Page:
All these maestros were active between mid eighteenth to late nineteenth century. While on one hand gat style developed on sitar, on the other hand it general vocalists and Sadhu-s (holy men) employed sitar as instrument for accompaniment. Captain Willard discussed the contemporary instruments and artistes in his 1838 book, A Treatise on the Music of Hindustan. He remarks that sitar is a modern instrument invented by Amir Khusro of Delhi. Although it is as long as ordinary Tambura it is smaller in size. On its wooden pipe there are seventeen movable frets of silk, flex, silver and brass etc. to facilitate tuning of the instrument. Often it carries three strings, hence the name sitar. In the present times a number of modifications have been made.
There are several mistakes in above statement of Willard being based on inaccurate information. Instead of dissecting the whole statement, let us focus on two important issues. First, he calls sitar a modern instrument. This stems from the facts that established schools were using Veena and Rabab; the schools of Sitar were gradually taking shape. Second in importance is his remark that "(in Sitar) a number of modifications have been made." In his time, Nihal Sen's son Amir Khan, Maseet Khan, Barkatullah Khan, Ghulam Raza Khan and several other musicians were experimenting on sitar along with popularising the new instrument. As more and more Muslim and Hindu artistes accepted this instrument modifications were incorporated. Still, the content and material for sitar was greatly limited compared to present period. A book -- Qanoon-i-Sitar -- was written in 1870 by Sayyed Safdar Hussein Khan Dehalvi throwing light on the development of Sitar.
Safdar Hussein employed four scholarly musicians and gradually developed interest in Sitar. In search of a proper teacher of the instrument he reached Delhi where he met Bibi Jan Sahiba who earned his respect. Bibi Jan had learnt sitar with Bahadur Khan, son of Maseet Khan. After learning sitar with her, Safdar Hussein introduces the instrument as:
There are two kinds of frets in sitar. The first twenty two are fixed thereby creating the Achal (stationary) Thhath. Chiefly these are of Been (Saraswati Veena); but some keep it so on sitar also. The second kind is of the common sitar that has sixteen frets as per detail.
About the strings of Sitar, he writes:
Be it known that normally there are six iron and brass strings
Baj string (main string) of iron -- 1 string
Kharaj (Mandra Shadaj) (C or lower tonic) of brass -- 2 strings
Pancham of iron -- 1 string
Larj (Ati mandra Shadaj) (two octaves below middle octave) of brass -- 1 string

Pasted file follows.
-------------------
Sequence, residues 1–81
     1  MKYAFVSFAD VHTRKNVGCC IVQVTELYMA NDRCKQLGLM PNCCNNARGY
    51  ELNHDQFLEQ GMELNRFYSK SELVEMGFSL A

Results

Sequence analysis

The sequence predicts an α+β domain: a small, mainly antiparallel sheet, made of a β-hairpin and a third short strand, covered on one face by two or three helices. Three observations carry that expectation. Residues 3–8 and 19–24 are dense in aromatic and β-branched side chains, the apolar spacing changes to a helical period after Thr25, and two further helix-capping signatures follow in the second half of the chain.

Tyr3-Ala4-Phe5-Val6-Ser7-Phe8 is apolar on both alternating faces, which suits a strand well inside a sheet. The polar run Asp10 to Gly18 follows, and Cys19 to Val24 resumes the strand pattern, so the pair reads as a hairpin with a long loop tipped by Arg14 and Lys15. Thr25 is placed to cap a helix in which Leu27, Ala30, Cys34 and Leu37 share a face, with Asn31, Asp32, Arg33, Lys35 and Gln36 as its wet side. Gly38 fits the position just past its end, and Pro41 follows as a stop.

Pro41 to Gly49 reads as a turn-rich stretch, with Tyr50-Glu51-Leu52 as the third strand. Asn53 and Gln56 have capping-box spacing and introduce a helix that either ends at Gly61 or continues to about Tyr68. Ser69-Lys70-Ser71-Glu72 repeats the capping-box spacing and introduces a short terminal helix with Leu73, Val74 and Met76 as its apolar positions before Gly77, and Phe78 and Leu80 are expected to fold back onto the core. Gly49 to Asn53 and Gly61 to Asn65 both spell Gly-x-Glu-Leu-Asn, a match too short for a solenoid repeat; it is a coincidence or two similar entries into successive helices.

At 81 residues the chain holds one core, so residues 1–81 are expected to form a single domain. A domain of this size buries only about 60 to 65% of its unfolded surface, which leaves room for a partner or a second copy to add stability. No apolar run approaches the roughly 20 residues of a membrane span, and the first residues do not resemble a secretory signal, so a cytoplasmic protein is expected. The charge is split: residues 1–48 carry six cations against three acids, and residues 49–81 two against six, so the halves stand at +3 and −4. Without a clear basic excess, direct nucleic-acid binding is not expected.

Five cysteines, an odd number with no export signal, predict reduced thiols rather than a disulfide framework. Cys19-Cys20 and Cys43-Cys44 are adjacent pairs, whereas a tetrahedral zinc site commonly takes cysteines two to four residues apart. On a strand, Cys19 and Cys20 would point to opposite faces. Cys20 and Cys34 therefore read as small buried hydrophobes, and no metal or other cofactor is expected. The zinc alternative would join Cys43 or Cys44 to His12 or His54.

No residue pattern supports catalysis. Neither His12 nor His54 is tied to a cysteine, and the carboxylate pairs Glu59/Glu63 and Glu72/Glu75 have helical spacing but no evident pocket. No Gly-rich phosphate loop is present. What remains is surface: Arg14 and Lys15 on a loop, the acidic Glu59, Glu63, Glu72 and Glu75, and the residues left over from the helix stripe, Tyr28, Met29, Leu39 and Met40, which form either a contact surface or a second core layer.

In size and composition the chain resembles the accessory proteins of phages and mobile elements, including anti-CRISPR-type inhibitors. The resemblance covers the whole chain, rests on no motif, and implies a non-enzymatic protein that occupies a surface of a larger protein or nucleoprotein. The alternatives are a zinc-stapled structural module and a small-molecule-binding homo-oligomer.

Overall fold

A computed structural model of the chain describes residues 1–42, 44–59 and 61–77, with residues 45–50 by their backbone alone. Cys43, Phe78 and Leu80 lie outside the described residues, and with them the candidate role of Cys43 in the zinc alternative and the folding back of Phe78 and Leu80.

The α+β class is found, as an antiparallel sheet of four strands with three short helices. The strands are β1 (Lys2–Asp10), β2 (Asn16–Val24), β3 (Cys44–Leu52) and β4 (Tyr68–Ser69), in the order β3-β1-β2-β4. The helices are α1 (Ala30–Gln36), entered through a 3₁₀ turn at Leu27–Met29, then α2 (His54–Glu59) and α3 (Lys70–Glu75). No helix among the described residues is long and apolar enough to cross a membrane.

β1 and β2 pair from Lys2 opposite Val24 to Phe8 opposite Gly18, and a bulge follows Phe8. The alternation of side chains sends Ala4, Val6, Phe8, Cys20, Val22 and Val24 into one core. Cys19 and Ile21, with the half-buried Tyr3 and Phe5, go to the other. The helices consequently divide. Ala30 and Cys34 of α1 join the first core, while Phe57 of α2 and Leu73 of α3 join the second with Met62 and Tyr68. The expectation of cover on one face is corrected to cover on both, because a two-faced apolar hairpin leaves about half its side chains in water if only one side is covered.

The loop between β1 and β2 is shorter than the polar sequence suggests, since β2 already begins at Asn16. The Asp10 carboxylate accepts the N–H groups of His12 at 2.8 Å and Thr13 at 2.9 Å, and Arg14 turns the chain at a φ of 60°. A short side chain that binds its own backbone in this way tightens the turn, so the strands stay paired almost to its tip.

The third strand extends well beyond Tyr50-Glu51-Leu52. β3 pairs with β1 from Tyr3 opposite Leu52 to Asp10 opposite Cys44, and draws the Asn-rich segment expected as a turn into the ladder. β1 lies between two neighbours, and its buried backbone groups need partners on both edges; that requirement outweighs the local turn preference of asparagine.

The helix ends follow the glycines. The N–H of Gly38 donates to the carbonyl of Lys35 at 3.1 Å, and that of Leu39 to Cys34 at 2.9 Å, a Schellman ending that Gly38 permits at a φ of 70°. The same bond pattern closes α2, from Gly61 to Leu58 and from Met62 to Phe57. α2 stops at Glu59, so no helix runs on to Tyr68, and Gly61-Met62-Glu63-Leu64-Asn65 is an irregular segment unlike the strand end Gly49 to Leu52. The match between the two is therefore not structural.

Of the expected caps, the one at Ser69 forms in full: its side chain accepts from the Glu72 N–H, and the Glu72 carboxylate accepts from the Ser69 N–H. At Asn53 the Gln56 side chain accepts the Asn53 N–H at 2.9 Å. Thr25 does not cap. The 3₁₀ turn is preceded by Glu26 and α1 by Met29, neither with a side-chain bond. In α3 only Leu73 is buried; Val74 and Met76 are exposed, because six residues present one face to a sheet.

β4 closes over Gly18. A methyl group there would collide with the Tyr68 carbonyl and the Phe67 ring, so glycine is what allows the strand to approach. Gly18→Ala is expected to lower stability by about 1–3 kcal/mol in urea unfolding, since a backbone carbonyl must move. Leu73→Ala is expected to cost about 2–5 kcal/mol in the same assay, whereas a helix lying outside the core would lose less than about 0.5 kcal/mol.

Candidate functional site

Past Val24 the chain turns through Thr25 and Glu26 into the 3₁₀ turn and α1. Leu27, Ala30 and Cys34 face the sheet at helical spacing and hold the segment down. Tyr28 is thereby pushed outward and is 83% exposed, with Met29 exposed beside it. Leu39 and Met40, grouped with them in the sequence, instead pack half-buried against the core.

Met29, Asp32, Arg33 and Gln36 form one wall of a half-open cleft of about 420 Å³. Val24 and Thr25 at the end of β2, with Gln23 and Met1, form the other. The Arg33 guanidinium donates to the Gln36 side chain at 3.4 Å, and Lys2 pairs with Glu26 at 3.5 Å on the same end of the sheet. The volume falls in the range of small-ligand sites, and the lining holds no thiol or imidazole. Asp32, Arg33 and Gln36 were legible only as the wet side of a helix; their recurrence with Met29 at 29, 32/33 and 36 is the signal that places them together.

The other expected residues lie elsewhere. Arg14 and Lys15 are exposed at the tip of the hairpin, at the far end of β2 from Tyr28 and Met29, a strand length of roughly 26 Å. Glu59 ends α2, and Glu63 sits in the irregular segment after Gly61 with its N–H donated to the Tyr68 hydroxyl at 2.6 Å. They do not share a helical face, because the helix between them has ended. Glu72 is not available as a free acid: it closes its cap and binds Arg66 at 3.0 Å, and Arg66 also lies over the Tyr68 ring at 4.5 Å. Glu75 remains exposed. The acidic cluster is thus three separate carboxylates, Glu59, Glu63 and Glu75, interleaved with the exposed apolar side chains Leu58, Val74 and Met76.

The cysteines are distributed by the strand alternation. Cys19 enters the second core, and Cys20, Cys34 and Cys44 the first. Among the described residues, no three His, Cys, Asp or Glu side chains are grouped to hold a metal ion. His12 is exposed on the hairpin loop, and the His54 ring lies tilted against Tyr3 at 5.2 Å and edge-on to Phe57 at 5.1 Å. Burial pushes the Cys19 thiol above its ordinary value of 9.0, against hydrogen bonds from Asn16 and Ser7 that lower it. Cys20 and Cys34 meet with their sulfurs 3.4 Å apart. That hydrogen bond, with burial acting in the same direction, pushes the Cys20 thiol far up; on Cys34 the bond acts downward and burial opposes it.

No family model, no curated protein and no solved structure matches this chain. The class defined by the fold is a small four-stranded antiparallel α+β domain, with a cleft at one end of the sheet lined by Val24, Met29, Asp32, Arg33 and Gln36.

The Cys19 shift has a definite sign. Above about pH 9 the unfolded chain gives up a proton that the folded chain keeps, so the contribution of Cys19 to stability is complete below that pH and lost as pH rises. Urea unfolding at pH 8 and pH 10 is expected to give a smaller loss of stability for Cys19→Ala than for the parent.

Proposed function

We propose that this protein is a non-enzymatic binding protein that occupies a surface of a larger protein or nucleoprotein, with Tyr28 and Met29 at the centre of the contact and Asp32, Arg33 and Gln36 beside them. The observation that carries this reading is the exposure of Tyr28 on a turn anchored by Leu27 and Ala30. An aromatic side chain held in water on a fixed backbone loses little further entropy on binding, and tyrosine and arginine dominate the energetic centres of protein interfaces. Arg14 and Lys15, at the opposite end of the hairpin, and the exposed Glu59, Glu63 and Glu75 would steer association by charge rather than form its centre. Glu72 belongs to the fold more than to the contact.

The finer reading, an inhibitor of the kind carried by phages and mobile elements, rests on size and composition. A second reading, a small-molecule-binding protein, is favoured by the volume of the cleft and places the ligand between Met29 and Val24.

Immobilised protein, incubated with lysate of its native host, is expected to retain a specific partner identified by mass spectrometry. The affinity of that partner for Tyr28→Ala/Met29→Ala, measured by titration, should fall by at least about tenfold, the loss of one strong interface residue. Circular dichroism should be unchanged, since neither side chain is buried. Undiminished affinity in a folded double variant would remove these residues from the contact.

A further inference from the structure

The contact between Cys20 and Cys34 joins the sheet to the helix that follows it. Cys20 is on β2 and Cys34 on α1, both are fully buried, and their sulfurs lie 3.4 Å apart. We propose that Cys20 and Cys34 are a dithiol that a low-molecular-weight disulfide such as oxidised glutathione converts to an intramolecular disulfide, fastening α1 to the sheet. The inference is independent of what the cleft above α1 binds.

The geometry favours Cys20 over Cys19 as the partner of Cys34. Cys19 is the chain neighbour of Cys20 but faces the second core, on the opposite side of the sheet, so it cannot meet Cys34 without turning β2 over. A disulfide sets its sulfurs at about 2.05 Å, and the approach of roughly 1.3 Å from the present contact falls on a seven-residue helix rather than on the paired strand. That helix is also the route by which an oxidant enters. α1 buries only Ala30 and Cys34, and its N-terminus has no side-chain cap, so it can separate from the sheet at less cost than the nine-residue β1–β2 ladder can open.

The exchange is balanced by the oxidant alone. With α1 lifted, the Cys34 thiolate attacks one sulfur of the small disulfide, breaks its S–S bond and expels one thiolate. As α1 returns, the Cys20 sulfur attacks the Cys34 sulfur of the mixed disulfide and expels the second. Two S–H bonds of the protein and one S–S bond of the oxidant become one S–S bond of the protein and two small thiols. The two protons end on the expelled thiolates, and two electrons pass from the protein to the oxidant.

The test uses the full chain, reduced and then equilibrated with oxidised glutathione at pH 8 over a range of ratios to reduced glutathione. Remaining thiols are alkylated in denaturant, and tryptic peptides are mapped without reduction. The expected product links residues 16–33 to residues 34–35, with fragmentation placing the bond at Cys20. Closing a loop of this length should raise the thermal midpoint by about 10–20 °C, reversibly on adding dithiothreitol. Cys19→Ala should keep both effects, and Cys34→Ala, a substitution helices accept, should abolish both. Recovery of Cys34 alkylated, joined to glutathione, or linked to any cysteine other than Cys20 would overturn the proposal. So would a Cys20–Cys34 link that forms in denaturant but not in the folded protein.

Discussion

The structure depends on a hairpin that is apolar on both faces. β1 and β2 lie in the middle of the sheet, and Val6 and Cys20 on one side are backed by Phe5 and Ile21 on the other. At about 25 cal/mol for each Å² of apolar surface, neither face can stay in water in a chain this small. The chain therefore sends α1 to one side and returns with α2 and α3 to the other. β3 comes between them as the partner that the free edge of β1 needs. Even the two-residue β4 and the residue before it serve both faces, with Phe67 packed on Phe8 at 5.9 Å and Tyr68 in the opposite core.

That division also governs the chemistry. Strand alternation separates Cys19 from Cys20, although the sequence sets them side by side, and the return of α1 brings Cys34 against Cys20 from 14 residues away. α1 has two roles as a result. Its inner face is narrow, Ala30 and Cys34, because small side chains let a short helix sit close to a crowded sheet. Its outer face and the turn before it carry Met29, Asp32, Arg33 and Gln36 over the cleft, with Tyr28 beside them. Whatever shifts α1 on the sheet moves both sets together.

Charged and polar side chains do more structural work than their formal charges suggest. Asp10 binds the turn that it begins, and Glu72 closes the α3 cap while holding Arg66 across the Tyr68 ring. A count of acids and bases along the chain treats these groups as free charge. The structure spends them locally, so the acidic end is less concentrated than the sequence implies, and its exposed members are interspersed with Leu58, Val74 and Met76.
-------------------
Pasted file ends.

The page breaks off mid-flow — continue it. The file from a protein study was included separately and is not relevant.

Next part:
Papiha (Chikari or secondary string tuned in Fifth of middle octave)
He also speaks about the Baj of Sitar:
Sitar Baj (style or manner of playing) has two approaches. One, Maseetkhani and the other, Alirazakhani which is also know as Purbi (eastern). The gat-s of the later baj are difficult. Bol-s of mizrab are Ada (oblique, slanted not regular) and the speed of gat is fast. And so addha Tal (oblique or irregular movement of 16 beats) is used for accompaniment. The expanse of these gat-s is also complex. In maseetkhani all manner of playing is acceptable; the span is ample for one to go on playing a single gat for as long as he pleases. But Bahadur Khan changed it otherwise. A beenkar originally, when due to a bruised hand he had to turn to sitar he incorporated toda-s of been into it and taught them to Bibi Jan. Largely, toda-s of dhah, doon, jhad, kiwad, gamak, soot, tan and mizrab are played in maseetkhani.
In the above book diagrams of Sitar are given to explain the various Thhath-s 7. Safdar Hussein has also mentioned an earlier book on sitar written by Munshi Ujagarmal which is not traceable.
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6 Joshi, Umesh. Bharatiya Sangeet Ka Itihaas, pp. 162-164
7 People who consider Bhatkhande as the inventor for Thhath would be surprised to know that the word Thhath has already been used in this publication of 1870. 12 Thhath-s with the help of sitar diagrams have been explained -- 1. Th Yaman 2. Th Bharavi 3. Th Pilu 4. Th panchkalangada 5. Th Jaijaiwanti 6. Th Jaunpuri 7. Th Des 8. Th Kanhada 9. Th Khamaj 10. Th kafi 11. Th Kalangada 12. Th Hindol. Prior even to this, Somnath describing mela in his Rag-vibodh has said, "Thhath iti bhashayam".